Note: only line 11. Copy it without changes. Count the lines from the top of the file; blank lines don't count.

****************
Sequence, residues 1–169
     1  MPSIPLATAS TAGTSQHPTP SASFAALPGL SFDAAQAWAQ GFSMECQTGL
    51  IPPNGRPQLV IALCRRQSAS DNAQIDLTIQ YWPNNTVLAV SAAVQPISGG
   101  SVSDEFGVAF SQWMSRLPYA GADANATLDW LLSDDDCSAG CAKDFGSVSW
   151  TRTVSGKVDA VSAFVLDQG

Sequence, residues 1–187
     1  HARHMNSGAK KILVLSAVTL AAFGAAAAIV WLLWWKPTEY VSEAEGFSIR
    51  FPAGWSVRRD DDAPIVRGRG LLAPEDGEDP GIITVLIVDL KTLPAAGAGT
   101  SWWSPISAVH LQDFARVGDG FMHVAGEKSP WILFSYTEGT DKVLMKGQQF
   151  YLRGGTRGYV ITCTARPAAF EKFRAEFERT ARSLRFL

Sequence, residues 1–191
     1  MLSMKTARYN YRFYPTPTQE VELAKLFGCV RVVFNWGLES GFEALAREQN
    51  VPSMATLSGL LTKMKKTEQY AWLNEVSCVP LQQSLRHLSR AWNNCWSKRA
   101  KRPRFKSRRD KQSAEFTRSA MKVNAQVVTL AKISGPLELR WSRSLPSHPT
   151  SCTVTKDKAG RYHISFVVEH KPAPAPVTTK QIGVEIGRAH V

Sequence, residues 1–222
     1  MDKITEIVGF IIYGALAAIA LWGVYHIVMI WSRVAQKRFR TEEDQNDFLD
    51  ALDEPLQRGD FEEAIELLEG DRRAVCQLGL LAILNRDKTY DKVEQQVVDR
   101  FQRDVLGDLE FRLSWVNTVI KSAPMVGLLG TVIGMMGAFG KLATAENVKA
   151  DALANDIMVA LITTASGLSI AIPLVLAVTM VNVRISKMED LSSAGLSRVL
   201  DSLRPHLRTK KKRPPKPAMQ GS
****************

Sequence, residues 1–191